As it is quickly coming to the end of 2017, I have started to review my list of 17 for 2017. And oh dear, so many things are far from complete! Over the next couple of weeks I will have to see what I can do to improve the situation, but some are beyond saving.
I thought I may cover some of my list as individual posts. So I am starting with Number 11 – Read eleven new authors
These days I spend more time reading children’s books than adult fiction. Don’t get me wrong, I love reading stories to my two, and we have some favourite authors which we have read again this year including Dick King-Smith, David Walliams, Roald Dahl, Holly Webb and Lucy Daniels. This year we discovered Jenny Nimmo, a British author. I have to include her in my list of eleven to reach my total! The first book we read of hers this year was Dog Star. A lovely tale of a child who wanted a dog and got a star of sorts! We subsequently found Toby in the Dark in the library, which we also enjoyed.
So to adult fiction. My 6 month list summary had just two books. So here is another eight to complete the task (well almost as two books are unfinished)!
Purple Hibiscus by Chimamanda Ngozi Adichie, was probably one of the top three of the reading year. It is a story of a fifteen year old girl in Nigeria. Her life is ruled over by a fanatically religious and abusive father.
LaRosa by Louise Erdrich, again in the top 3, is set in North Dakota. The story follows the lives of two families who are neighbours. There is a tragic accident when one of the father’s shoots his neighbour’s son while out hunting. The story intertwines Native American culture with how the families deal with the death of the young boy.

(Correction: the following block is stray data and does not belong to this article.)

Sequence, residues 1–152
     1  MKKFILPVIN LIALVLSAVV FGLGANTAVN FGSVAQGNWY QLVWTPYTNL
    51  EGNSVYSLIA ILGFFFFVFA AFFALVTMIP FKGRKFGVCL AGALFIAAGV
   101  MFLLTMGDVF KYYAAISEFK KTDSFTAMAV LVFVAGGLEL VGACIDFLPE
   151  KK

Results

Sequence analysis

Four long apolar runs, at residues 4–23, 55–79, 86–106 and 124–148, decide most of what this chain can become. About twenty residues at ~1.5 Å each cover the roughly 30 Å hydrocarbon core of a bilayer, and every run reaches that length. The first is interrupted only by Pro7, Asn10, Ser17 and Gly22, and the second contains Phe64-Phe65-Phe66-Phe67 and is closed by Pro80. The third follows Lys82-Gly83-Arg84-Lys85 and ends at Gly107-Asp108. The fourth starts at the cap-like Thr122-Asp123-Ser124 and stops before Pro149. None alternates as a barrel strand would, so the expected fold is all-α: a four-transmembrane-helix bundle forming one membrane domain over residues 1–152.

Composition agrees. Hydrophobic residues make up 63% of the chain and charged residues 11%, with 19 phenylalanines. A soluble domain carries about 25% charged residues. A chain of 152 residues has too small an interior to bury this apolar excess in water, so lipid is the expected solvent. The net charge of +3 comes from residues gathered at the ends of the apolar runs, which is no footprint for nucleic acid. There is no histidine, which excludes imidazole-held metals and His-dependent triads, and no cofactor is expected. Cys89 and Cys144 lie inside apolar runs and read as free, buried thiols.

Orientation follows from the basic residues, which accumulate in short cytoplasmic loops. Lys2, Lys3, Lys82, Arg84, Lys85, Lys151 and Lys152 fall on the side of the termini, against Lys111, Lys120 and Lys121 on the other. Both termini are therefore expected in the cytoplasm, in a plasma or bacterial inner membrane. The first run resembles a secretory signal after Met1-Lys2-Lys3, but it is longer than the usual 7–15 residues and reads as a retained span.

The Time is Now by Pauline McLynn. Like LaRose there are elements of the spirit world in this book which follows the lives of a group of people in a flat in Soho. The people are from the past, present and future and yet their lives are connected.
The Running Hare by John Lewis-Stemple is the best natural history book I read this year, and so again in my top 3. I found it a very engaging read. The focus of the book is the author’s wish to turn a barren arable field into something rich and full of life.
438 Days: An extraordinary true story of survival at sea by Jonathan Franklin. This is exactly what it says on the tin! A fascinating account of a man’s will to survive against the odds.
Common Ground by Rob Cowan (still reading). Cowan explores the wildlife of a piece of ground not far from where he lives.
The Man who made things out of Wood – Robert Penn (Unfinished – but will probably take it up again at some point).
Born to Run by Bruce Springsteen (autobiography). If this book hadn’t taken me so long to read I may have reached my target! Still it was an interesting read about a man who was determined though hard work and grit to achieve his goal. I was not aware that Springsteen suffered from depression and it is interesting to read how he deals with it.
There may have been others, but I didn’t write them down!
Over the year, I have also read some of my favourite authors. Of those Colum McCann’s – Thirteen Ways of Looking was probably my favourite. The title refers to the novella in the book but the book also includes three short stories. I was particularly moved by Sh’Khol, the story of a mother and her deaf son.
And Annie Proulx’s Postcards, the poignant story of a family of New England farmers – the Bloods, and how they lost their land.